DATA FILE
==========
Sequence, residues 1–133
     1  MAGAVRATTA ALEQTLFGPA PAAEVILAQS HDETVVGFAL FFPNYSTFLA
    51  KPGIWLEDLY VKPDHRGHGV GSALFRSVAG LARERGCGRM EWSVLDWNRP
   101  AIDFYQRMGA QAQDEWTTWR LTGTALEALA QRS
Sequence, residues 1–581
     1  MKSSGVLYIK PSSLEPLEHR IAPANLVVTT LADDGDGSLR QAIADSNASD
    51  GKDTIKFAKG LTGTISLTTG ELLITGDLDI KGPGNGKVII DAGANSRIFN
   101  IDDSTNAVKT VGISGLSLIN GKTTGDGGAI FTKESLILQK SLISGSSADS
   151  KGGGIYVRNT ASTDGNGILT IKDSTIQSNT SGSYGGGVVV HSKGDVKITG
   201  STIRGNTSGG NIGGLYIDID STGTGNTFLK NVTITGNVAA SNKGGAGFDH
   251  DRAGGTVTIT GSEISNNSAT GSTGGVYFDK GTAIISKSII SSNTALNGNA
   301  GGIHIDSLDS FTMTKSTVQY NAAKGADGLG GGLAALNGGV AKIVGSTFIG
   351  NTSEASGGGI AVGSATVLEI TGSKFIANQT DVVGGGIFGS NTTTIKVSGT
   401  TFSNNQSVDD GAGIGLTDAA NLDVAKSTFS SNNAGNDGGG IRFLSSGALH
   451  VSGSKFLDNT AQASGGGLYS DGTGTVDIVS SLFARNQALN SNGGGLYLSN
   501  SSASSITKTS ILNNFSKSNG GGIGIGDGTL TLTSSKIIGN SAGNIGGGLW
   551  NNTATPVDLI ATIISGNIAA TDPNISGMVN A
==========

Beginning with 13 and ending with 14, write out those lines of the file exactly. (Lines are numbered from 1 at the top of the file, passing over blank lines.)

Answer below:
   351  NTSEASGGGI AVGSATVLEI TGSKFIANQT DVVGGGIFGS NTTTIKVSGT
   401  TFSNNQSVDD GAGIGLTDAA NLDVAKSTFS SNNAGNDGGG IRFLSSGALH